As the date of the second scheduled docking approached in January 2003, the people of Moloka’i prepared to battle for their island again. After the HAL ship lost time rescuing a few stranded boaters off the coast of California, the company announced five days in advance of their arrival they would make every docking in Hawai’i—except Moloka’i.

Mid-April was the next scheduled docking. Would Holland America return and risk more bad press? Would they have too much hubris to admit defeat and try to dock again? The answer came the month before the scheduled arrival. Carnival Cruises, the parent company of Holland America Lines, announced the cancellation of all dockings for the next two years. Moloka’i became the first major community to successfully stop the invasion of a foreign cruise line.

Earthjustice Legal Defense Fund, on behalf of a citizen’s group from the island of Moloka’i and with the help of expert testimony from C-SAW, continues to seek an injunction to block all future visits by the industry to Moloka’i until the planning process mandated by Hawai’i state law is undertaken and completed.

Dilution is not the solution
Recent studies drafted in part by the industry claim the levels of fecal bacteria and other pollutants discharged are safe because receiving waters sufficiently dilute the millions of gallons of polluted wastewater. Of course, all bets are off if you’re kayaking in waters recently used by a cruise ship as a “mixing zone,” or if the fish you are frying happened to be near the ship when the discharge valves were opened. (See EIJ Spring 2003 for more on mixing zones.) Sewage isn’t the only problem coming from the poop deck. Independent testing in Alaska in 2000 and 2001 demonstrated that cruise ship discharges also contain elevated levels of hydrocarbons, plastics, and metals in excess of Alaska’s water quality standards.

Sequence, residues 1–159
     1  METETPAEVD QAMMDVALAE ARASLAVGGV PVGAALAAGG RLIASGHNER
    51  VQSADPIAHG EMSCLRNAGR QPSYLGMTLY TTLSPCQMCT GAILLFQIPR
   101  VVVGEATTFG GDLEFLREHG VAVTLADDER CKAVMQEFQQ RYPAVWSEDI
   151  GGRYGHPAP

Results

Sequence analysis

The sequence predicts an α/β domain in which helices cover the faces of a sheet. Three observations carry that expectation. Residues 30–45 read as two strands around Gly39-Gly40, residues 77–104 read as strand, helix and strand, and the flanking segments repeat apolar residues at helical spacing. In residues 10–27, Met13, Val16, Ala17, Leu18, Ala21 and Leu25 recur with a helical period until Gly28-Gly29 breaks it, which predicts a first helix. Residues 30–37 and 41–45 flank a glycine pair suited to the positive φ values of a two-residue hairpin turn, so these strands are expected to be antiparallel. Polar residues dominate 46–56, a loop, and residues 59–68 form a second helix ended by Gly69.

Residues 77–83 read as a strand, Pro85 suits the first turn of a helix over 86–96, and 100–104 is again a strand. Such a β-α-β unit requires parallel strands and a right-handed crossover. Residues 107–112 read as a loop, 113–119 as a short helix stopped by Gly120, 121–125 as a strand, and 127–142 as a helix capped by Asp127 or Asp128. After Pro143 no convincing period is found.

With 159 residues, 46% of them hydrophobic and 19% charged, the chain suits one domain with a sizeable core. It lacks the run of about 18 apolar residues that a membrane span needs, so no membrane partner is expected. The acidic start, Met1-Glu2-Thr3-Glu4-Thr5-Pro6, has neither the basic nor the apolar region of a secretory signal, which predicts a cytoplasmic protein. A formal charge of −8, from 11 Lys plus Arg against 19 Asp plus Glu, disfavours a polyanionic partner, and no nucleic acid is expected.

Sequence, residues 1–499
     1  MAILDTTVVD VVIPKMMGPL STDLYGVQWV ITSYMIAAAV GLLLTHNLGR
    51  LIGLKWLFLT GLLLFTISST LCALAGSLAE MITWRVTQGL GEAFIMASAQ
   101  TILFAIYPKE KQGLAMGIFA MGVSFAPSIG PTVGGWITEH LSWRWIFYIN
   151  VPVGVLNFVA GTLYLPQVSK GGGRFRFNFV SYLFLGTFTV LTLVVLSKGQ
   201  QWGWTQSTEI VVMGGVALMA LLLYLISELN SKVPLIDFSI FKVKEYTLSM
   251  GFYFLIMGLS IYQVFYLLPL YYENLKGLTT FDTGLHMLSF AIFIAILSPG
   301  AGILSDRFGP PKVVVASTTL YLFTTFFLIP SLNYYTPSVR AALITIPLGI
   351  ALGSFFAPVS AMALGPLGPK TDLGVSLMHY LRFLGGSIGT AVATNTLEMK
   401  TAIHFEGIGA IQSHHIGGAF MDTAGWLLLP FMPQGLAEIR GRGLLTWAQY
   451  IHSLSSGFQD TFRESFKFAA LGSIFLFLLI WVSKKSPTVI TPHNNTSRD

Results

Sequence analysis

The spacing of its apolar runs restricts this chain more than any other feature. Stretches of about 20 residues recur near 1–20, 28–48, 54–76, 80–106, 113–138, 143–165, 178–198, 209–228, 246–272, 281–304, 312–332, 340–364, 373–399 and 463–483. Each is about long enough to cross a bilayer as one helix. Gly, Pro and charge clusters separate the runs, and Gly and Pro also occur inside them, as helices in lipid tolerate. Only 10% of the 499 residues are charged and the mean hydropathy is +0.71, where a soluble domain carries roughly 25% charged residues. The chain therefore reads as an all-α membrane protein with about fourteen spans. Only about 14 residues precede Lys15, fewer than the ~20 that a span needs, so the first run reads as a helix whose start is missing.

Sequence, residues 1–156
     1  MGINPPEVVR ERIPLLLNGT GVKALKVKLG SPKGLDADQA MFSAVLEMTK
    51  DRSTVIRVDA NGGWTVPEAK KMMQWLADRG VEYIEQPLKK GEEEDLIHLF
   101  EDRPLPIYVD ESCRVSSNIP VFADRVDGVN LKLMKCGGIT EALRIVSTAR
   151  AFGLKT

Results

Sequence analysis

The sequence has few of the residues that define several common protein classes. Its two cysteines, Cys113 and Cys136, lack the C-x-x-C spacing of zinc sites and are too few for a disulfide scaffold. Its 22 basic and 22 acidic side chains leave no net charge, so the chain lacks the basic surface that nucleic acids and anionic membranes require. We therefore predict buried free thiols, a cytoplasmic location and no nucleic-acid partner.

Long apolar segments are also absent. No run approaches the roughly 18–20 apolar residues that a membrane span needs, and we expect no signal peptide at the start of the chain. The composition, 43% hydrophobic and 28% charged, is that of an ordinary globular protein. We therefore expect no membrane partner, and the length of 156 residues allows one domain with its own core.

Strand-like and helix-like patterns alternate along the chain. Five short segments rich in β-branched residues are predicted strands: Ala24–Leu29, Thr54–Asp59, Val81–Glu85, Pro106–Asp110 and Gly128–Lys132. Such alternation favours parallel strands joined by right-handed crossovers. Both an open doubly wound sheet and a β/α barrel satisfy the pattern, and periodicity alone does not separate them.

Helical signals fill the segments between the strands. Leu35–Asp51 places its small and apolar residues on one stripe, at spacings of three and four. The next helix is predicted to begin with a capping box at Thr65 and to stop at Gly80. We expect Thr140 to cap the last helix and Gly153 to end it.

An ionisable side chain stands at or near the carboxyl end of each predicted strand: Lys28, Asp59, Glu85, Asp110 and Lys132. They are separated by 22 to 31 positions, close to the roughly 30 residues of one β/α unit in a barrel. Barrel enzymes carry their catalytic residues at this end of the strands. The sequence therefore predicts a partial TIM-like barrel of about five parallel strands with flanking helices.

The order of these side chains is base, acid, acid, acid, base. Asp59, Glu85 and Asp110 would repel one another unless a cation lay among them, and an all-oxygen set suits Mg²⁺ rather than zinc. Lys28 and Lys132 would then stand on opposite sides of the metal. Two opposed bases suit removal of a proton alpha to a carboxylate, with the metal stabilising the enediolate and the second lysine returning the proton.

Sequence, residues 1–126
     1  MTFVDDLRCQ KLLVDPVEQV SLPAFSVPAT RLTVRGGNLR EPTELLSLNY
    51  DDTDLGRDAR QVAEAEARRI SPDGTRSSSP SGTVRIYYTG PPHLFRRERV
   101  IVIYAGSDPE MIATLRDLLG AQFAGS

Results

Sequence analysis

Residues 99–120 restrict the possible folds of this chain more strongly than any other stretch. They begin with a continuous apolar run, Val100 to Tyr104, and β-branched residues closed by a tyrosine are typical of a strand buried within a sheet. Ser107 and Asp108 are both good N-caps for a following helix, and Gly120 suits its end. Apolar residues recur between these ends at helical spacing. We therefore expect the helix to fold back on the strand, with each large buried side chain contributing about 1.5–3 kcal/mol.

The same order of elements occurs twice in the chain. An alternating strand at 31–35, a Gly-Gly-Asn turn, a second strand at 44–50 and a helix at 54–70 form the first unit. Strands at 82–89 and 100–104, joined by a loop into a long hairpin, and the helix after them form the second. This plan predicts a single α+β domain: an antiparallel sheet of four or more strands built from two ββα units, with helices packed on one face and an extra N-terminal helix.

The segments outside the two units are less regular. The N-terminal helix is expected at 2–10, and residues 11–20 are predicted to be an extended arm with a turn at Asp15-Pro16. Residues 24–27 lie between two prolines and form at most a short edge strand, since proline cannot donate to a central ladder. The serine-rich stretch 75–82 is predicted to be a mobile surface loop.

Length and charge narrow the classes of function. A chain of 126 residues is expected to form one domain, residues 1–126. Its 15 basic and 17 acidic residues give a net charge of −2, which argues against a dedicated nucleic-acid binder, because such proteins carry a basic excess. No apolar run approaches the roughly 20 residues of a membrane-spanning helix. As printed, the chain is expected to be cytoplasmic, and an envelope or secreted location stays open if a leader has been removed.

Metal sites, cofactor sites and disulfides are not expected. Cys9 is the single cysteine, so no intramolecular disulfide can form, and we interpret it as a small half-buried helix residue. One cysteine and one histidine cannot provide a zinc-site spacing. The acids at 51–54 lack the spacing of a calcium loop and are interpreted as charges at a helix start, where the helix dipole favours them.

We can plug the leaks
1. Withdraw the industry’s 30-year exemption from requiring discharge permits.

2. Enforce compliance with all Water Quality standards without the application of mixing zones.

3. Place an independent observer on every ship.

4. Install transponders on all wastestreams to monitor discharge events, locations, and volumes in real-time.

5. Establish and require use of “best available technologies.”

6. Enforce meaningful penalties and criminal liability for non-compliance.

C-SAW, with the help of Bluewater Network, is spearheading the passage of an initiative in Alaska to address many of these issues. The cruise industry’s responsibilities must no longer end at the annual shareholder meeting. Every day more people are becoming aware of the industry’s environmental, social, public health, and economic problems. Many cruise corporations are heavily in debt from aggressive shipbuilding and marketing programs in the 1990s—coupled with the weakening domestic and world economy, their own financial folly may bring the industry crashing onto the rocks. In the meantime, our public waters and marine resources must be protected.

—Gershon Cohen, Ph.D. is director of Campaign to Safeguard America’s Waters

Take Action: Contact C-SAW at (907) 766-3005 or email for more info. Check out and for comprehensive libraries of cruise news and facts.